Sylvia Bataille

SYLVIA BATAILLE organized by Adam Marnie and Rebecca Matalon

SYLVIA BATAILLE 

Organized by Adam Marnie and Rebecca Matalon

Opening reception, Friday, October 23, 7-9pm

October 23-December 20, 2015

Michel Auder | John Boskovich | Harry Dodge | Albert Herter | Christopher K. Ho, John Magee, Cynthia Talmadge, and Kevin Zucker | Jackie T. Kennedy and Sean Kennedy | Justin Lieberman, Mariah Robertson, and Stephanie Weber | John Miller and Aura Rosenberg | NOWORK | Eileen Quinlan and Cheyney Thompson | Roni Shneior and Barak Zemer | Matt Wycoff

 

SCREENING SERIES

Thursday, November 19, 7:30pm: Kathy Acker and Alan Sondheim, Blue Tape (1974), 55 minutes.

Friday, December 11, 7:30pm: Peggy Ahwesh and Keith Sanborn, The Deadman (1989), 35:56 minutes. This program will be introduced by poet, art critic, and author Maggie Nelson.

 

Sylvia Bataille (nee Maklès, 1908–1993) was a Romanian-Jewish French film actor married to philosopher Georges Bataille and, later and until his death, psychoanalyst Jacques Lacan. Despite being married to two of the most radical intellectuals of the 20th century, and both men prolific writers, Sylvia Bataille remains largely unknown. Sylvia Bataille’s biography takes shape through a small number of articles, interviews, and obituaries, her story told in a few short pages within her husbands’ lengthy biographies. The facts are so few that any telling of it necessitates construction into what quickly becomes an embellished fiction. Georges Bataille never wrote a word about Sylvia Bataille, save perhaps that in his novel Blue of Noon (1957), the character of Edith is allegedly modeled after her. Once, in 1955, Lacan dedicated a lecture to Sylvia Bataille.

In 1928 and at the age of nineteen Sylvia Maklès wed a thirty-year-old Georges Bataille. Her three sisters also married into the center of this French intellectual and artistic circle—Bianca Maklès to Théodore Fraenkel, Simone Maklès to Jean Piel, and Rose Maklès to André Masson. It was during her marriage to Georges Bataille that Sylvia Bataille first appeared in film as the voice of a rabbit in the animated feature Le Roman de Renard (The Tale of the Fox). Sylvia and Georges Bataille separated in 1934, six years after marrying and four years after the birth of their only child, Laurence Bataille. They remained legally wed until 1946. Over a brief but concentrated period between 1930 and the onset of World War II, Sylvia Bataille appeared in more than twenty films. She was awarded the Prix Suzanne Bianchetti in 1939, an annual award given to the most promising young French actress. Her first big leading role came in 1936 as the female protagonist in Jean Renoir’s acclaimed Une Partie de Campagne (A Day in the Country). It would be ten years until the film was released. In 1938 Sylvia Bataille began a relationship with a married Jacques Lacan. Two years later and shortly after the German army invaded Paris, a pregnant Sylvia Bataille fled the city for the south of France. In the summer of 1941 she gave birth to a daughter by Lacan, Judith. Lacan and his first wife Marie-Louise Blondin would divorce by the end of the year. Sylvia Bataille acted in only a handful of films after the war, making her final appearance on screen in 1950. On July 17, 1953, Jacques Lacan and Sylvia Bataille married.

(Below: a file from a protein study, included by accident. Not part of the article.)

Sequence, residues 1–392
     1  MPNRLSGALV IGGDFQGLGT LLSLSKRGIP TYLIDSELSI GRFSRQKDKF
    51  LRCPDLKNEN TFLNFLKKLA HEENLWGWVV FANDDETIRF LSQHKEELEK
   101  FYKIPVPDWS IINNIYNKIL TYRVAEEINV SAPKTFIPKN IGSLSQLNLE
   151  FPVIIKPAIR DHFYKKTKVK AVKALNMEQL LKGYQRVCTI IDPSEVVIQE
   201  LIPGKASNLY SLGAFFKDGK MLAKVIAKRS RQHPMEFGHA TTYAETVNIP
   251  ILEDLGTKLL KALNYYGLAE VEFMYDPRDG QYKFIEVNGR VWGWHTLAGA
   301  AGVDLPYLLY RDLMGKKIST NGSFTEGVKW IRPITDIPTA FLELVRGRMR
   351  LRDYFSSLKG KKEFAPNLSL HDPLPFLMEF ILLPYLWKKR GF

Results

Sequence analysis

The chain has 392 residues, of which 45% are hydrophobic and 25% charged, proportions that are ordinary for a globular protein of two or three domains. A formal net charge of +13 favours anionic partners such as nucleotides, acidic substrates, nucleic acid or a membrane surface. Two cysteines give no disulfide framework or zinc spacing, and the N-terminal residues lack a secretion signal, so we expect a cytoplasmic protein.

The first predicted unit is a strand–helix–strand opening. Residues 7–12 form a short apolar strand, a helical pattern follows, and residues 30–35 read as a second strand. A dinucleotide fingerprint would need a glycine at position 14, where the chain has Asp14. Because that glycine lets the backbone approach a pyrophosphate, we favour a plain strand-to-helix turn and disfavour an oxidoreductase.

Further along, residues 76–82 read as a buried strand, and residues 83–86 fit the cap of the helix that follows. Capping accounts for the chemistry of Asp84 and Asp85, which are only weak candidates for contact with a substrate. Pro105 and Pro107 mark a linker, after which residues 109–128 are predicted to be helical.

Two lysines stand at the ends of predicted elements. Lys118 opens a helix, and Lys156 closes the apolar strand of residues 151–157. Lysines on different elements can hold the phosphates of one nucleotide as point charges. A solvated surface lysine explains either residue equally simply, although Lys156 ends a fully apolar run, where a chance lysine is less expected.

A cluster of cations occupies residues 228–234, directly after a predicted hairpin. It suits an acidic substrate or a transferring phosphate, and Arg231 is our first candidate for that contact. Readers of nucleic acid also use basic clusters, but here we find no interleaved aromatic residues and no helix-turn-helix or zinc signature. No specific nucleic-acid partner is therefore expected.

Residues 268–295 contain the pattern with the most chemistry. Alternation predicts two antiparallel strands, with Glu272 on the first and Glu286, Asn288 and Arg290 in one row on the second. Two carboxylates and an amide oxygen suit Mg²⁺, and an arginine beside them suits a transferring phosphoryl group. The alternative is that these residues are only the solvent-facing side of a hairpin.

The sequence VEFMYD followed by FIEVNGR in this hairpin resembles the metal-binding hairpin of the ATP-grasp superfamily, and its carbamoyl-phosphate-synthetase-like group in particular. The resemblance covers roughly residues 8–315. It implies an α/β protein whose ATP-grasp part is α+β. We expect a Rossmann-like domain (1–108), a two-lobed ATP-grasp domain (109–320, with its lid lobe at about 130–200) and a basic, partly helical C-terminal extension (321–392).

Besides an eponymous 2013 French biography described by its publisher as a roman biographique, the most substantial account of Sylvia Bataille is a doctoral thesis by Jamer Hunt, submitted to the Department of Philosophy at Rice University in 1995. Piecing together the minimal biographical information on Sylvia Bataille, Hunt builds a narrative that verges on creative non-fiction. The bulk of his paper is a personal and obsessive search for Sylvia Bataille taking the form of journal entries that chronicle attempts to gain access to her. Hunt’s dissertation culminates with their sole interview, conducted in her Paris apartment in 1993. “I don’t have much to tell. I feel very bad for you,” Sylvia Bataille self-effacingly and acerbically tells her interviewer. The least specious sections of the text are those in which Hunt weaves in documents such as film reviews of Une Partie de Campagne and a selection of obituaries from French newspapers. The cited film reviews, nearly all authored by men, conflate Sylvia Bataille and the character she plays—the critics’ apparent fetishization of her image mirroring Hunt’s own. What appears throughout these fragments is a perpetual reference to and reduction of Sylvia Bataille to her face or eyes. Projecting sensuality, desire, and eroticism onto her face, they cut her up (admittedly, taking cue from Renoir’s cinematography and frequent use of the close-up). Crucially, it is Sylvia Bataille’s face that is excised and not that of her character Henriette Dufor. What we are dealing with here, what Hunt encourages we take as historical record, is only ever fantasy.

Sylvia Bataille haunts. True to form, in her ghost-like haunting she is a blur. Just when she appears most clearly, when the edges of her life come into view, her figure falls away. In this respect, historical research carried out in her name can do little more than add to the fantasy of Sylvia Bataille. This exhibition is bound by the same constraints. But as a conscious effort to add to this fantasy it is also a stopgap—an attempt to let the blur of Sylvia Bataille spread out and swell without getting more diffuse.

Thanks to: China Art Objects, Los Angeles; EAI (Electronic Arts Intermix, New York); Light Industry, New York; Martos Gallery, New York and Los Angeles; Melikseitan|Briggs, Los Angeles; Krista Montagna; Jin Son; Alan Sondheim; and Barak Zemer.

All images, installation views of SYLVIA BATAILLE, JOAN, Los Angeles.

Click here for Exhibition checklist PDF

 

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